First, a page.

Another top EPA official is said to exit amid deepening scrutiny
WASHINGTON — A third top EPA official is leaving the agency amid intensifying scrutiny of Administrator Scott Pruitt’s travel, spending and condo rental, said two people familiar with the move.
Associate Administrator Liz Bowman, the top public affairs official at the Environmental Protection Agency, is set to handle communications for Sen. Joni Ernst, R-Iowa, said the people, who asked not to be named discussing personnel matters before a formal announcement.
Bowman’s departure follows two others just this week: the exit of Albert “Kell” Kelly, the top EPA adviser on Superfund cleanups, and former Secret Service agent Pasquale “Nino” Perrotta, who led Pruitt’s security detail. Longtime Pruitt ally Samantha Dravis announced her resignation last month.
The exodus comes amid steep criticism of Pruitt — including calls by at least 170 Democrats and four Republicans for his ouster. There are at least 10 formal investigations into Pruitt, including over his rental of Capitol Hill bedroom from a lobbyist for $50 a night under unusually generous terms, frequent taxpayer-funded travel to his home state of Oklahoma, questionable spending decisions at the EPA and raises for two top aides over White House objections.
Farenthold says he won’t pay for his replacement special election
WASHINGTON — Former Rep. Blake Farenthold said he will not pay for the special election to fill his seat. Texas Gov. Greg Abbott called for Farenthold to pay for his own election last week.
The Texas Republican left Congress over revelations that he used taxpayer money to settle a sexual harassment lawsuit. The former lawmaker should use the $84,000 he’s not returning to taxpayers to fund the election for the Corpus Christi seat, Abbott said.
Farenthold said he will not pay for the special election because he doesn’t believe it is called for. “Since I didn’t call it and don’t think it’s necessary, I shouldn’t be asked to pay for it,” the Texas Republican said.
Ciara Matthews, deputy communications director for Abbott, told CNN Farenthold’s decision is “disappointing.”
“It’s not surprising that his last act would be to stick taxpayers with the bill at the worst possible time,” she said in a statement. “While Mr. Farenthold may consider this resolved, we’re not closing the case on this issue.”
Farenthold resigned April 6 amid an Ethics Committee probe into the congressman and his office for alleged sexual harassment, inappropriate comments to staff, and discrimination based on gender. When media reports surfaced in December that Farenthold’s office had paid a former employee an $84,000 settlement over such claims, he promised to reimburse the Treasury Department fund that covers member offices’ labor and workplace disputes. Farenthold has not yet followed through on that promise.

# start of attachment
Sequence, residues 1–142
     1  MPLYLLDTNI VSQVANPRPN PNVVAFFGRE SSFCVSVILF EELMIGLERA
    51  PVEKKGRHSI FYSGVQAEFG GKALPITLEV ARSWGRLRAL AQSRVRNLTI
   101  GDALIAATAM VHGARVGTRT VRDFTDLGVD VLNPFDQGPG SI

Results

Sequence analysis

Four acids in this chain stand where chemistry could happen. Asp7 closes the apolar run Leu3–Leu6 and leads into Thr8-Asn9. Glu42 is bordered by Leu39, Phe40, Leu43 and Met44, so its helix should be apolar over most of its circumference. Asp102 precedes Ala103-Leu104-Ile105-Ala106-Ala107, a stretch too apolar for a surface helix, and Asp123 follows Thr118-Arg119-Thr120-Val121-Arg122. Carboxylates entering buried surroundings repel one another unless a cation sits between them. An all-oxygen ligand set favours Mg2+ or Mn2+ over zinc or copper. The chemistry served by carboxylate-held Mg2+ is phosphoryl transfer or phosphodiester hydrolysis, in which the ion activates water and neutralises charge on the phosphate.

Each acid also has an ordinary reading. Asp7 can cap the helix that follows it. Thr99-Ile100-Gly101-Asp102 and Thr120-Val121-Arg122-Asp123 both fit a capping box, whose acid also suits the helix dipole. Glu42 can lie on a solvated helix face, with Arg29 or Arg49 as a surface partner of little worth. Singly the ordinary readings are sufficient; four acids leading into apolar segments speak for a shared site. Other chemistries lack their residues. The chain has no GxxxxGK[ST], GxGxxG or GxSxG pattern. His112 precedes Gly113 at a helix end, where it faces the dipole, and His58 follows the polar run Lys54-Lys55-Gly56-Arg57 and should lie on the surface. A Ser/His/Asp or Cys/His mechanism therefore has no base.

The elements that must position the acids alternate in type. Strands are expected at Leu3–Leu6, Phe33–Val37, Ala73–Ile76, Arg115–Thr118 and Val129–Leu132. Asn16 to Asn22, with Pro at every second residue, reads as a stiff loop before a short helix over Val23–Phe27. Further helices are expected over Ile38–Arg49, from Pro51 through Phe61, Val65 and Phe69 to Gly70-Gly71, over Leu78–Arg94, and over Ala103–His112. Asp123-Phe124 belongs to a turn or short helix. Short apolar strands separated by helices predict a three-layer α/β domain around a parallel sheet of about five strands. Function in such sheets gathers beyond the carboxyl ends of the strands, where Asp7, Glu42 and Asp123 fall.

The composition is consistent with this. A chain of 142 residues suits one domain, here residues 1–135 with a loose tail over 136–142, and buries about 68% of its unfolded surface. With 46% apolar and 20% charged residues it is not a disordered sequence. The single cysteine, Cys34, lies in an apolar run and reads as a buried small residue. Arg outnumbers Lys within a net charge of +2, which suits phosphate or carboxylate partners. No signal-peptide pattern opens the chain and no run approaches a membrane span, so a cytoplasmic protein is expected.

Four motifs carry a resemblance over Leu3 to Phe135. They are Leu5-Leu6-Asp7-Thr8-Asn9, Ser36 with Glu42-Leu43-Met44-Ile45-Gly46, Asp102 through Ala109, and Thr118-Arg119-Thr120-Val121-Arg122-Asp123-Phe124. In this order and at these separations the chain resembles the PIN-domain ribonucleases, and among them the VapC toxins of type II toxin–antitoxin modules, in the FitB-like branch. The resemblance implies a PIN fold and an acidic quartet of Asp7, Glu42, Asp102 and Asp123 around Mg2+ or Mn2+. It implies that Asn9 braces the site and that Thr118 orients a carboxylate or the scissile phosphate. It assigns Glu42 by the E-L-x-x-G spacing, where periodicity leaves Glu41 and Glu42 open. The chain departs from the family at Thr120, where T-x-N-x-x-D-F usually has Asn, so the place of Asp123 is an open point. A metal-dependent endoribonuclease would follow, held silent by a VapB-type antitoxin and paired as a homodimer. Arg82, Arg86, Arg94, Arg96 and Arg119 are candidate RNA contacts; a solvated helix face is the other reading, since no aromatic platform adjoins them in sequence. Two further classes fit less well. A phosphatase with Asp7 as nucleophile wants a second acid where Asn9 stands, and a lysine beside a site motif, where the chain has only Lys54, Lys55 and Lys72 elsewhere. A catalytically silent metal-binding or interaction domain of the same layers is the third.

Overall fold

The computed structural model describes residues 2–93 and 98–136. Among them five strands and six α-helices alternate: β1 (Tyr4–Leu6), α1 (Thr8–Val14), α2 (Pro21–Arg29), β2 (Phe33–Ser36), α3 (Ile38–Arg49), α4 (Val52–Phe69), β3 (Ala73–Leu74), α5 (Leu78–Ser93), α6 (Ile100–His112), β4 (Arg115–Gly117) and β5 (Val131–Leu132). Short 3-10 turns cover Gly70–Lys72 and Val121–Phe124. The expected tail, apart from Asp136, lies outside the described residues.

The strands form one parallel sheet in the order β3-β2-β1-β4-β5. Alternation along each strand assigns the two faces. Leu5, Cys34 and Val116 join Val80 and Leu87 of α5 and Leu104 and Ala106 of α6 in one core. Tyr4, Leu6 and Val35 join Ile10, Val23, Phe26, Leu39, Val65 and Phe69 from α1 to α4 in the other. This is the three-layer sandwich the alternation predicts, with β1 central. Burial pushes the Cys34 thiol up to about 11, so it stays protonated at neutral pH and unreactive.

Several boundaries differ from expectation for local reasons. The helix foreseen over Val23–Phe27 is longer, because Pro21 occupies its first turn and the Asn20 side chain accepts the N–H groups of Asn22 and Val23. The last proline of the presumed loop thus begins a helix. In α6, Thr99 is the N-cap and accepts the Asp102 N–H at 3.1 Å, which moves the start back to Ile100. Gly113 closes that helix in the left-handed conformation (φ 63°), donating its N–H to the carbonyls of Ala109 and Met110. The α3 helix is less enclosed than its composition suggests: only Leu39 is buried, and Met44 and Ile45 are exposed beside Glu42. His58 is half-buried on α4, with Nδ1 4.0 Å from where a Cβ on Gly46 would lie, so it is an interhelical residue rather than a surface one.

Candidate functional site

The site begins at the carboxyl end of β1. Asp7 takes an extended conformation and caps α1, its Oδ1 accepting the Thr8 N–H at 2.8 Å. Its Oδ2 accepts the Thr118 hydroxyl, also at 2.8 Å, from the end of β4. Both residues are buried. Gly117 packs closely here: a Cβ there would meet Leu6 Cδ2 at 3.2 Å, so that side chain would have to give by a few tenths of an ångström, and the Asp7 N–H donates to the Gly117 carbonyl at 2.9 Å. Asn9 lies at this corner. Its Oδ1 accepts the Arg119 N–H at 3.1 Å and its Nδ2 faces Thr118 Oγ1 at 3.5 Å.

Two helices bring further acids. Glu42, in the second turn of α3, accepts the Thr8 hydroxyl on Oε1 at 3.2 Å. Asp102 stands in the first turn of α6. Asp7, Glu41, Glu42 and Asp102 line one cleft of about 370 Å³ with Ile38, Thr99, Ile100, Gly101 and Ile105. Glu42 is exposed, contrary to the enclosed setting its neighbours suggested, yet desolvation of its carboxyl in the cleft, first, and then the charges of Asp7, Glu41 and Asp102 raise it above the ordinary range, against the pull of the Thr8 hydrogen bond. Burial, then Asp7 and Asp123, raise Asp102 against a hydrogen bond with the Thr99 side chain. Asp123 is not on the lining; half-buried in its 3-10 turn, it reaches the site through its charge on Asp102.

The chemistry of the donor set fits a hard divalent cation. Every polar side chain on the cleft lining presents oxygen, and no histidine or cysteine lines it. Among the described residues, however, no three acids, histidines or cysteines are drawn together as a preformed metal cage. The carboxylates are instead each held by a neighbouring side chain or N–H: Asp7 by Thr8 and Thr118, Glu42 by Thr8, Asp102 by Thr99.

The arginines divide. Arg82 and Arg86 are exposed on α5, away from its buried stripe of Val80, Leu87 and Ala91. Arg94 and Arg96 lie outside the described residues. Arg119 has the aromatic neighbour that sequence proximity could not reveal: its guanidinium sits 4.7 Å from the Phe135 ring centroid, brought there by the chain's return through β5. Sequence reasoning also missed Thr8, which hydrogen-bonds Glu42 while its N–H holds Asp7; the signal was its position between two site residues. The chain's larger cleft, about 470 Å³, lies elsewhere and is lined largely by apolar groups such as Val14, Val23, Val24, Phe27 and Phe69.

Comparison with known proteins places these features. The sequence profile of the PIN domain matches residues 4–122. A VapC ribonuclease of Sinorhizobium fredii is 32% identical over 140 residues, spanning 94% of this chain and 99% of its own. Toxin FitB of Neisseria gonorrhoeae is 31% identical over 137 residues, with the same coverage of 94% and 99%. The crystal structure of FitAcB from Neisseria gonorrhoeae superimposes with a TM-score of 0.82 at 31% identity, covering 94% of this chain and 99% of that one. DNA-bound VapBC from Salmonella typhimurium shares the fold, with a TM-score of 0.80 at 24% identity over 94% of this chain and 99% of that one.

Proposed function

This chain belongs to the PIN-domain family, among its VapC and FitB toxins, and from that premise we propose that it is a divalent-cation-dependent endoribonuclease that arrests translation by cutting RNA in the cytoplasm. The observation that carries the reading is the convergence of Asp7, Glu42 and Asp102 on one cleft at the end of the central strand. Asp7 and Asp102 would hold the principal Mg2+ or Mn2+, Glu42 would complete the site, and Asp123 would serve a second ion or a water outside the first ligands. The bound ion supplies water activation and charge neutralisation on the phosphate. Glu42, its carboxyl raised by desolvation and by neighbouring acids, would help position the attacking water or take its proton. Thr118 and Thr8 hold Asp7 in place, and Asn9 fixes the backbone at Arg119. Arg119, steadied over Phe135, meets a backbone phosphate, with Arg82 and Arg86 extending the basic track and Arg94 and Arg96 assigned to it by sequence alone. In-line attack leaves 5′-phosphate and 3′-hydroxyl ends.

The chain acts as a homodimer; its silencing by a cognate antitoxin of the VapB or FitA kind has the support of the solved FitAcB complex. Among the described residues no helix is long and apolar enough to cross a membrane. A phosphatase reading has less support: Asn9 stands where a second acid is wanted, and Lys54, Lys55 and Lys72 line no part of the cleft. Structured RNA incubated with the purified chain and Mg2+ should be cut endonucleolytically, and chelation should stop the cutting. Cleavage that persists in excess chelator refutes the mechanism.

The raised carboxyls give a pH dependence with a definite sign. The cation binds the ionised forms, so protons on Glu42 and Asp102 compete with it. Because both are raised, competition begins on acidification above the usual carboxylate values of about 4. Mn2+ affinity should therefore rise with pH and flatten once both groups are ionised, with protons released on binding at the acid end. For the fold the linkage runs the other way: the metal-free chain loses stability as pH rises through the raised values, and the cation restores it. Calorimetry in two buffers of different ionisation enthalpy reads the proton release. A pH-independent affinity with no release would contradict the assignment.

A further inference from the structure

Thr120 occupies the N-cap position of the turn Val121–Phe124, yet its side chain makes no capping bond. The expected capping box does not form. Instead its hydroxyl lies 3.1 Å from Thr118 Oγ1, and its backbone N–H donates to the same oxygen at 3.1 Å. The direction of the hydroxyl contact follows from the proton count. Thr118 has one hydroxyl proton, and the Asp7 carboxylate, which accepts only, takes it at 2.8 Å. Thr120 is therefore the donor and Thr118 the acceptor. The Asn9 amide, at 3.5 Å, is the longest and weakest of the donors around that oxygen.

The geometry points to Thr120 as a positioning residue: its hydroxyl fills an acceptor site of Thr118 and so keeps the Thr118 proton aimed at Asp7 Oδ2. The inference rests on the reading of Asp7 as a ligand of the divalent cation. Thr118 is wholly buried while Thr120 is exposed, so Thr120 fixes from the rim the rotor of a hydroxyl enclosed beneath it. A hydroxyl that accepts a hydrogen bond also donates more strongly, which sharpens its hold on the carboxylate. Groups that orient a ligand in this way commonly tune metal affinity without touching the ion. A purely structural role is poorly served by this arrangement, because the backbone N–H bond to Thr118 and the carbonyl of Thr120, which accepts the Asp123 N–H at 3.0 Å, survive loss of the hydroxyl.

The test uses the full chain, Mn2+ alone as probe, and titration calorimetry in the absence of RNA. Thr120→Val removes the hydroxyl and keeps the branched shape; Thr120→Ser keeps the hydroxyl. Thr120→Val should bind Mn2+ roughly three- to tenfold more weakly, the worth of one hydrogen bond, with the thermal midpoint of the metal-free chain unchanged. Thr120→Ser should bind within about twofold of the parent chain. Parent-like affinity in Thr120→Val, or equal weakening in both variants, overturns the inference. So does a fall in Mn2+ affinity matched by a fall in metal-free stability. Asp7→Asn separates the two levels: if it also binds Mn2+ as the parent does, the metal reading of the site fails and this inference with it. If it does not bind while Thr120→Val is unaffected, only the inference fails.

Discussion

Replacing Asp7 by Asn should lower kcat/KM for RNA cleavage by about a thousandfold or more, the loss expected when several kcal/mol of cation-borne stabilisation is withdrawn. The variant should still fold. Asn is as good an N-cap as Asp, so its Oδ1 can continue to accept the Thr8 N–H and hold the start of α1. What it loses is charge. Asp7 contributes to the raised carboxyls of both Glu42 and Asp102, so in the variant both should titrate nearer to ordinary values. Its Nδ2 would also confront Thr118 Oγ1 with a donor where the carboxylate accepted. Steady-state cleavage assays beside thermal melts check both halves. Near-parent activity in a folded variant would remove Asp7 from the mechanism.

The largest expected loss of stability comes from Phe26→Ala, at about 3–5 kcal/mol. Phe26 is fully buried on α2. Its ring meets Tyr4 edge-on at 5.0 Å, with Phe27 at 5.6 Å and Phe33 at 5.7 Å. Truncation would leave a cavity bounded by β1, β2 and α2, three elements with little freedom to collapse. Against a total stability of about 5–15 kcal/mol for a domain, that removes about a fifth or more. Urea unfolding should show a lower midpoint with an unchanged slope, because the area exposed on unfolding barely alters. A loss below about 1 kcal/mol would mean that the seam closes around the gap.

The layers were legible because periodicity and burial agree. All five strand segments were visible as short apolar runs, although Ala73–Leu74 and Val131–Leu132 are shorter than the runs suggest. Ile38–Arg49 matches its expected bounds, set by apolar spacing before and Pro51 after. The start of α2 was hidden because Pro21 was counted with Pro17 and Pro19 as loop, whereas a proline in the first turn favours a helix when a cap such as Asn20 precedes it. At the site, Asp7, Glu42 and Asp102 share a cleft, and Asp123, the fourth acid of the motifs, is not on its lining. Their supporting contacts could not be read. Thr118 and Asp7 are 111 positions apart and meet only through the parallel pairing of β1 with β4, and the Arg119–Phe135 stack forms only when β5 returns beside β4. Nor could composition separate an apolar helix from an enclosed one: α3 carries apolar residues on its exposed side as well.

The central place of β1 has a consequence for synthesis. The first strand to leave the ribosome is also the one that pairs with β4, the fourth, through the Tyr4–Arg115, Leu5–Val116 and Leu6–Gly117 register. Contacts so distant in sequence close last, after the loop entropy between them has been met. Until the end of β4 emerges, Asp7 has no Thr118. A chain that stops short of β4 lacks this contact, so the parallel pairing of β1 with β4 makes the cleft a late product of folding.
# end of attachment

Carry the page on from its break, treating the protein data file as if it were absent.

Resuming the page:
Man, 28, fatally stabbed by co-worker at Philadelphia International Airport
PHILADELPHIA — A dispute Thursday between airplane cleaners over a light being turned off in a break room at Philadelphia International Airport ended with one of them stabbed to death and another in custody, police said.
Lt. John Walker of Southwest Detectives said the incident involved three Worldwide Flight Services employees, who work under contract to Frontier Airlines.
He said the dispute started about 11:30 a.m., when one man turned off a light in an employee break room in Terminal E and a co-worker began arguing with him. The break room was not accessible to passengers. According to Walker, the argument turned into a scuffle, and when it subsided, a third man, age 35, pulled out a knife and slashed one of the other men in the stomach. Walker said some workers at the airport have access to knives or other sharp objects as part of their job responsibilities, which can include opening boxes.
The 28-year-old stabbing victim was taken to Penn Presbyterian Hospital, where he was pronounced dead at 11:51 a.m., Walker said.
Authorities at the airport took the 35-year-old suspect into custody while he was waiting at the airport for a ride, Walker said. The man was being questioned Thursday afternoon at the Homicide Unit.
No names had been released as of 4 p.m. Thursday.
—The Philadelphia Inquirer
District superintendent in NJ busted for defecating on school grounds
NEW YORK — The superintendent of a school district in New Jersey was busted for relieving himself in public on school grounds on a “daily basis.”
Kenilworth Public Schools Superintendent Thomas Tramaglini asked for and was granted a paid leave of absence, the district said Wednesday.
The school resource officer at Holmdel High School in central New Jersey was alerted after coaches and staff members said they were finding human feces on or near the high school track area and football field “on a daily basis.” Officials monitored the area, and apparently witnessed the 42-year-old Tramaglini as he defecated.
The latest incident at the Monmouth County school took place at 5:45 a.m. on Monday, according to The Asbury Park Press.
“I don’t know if it was daily, but it’s been going on for a while,” someone in the Holmdel community told Patch. “I heard it was at least eight times in the past few months.”
Tramaglini, a Matawan resident, was charged with lewdness, littering and defecating in public, cops said Thursday.
Brian Luciani, the Director of Academics, will assume Tramaglini’s responsibilities.
“The Board of Education wants to assure faculty and staff, students and parents, that the district will continue its responsibilities without interruption,” Kenilworth Public Schools said. “Every day, and especially during challenging times, we are fortunate to have veteran administrators and other dedicated professionals on whom we can rely.”
Tramaglini makes nearly $150,000 a year, according to The Asbury Park Press.
—New York Daily News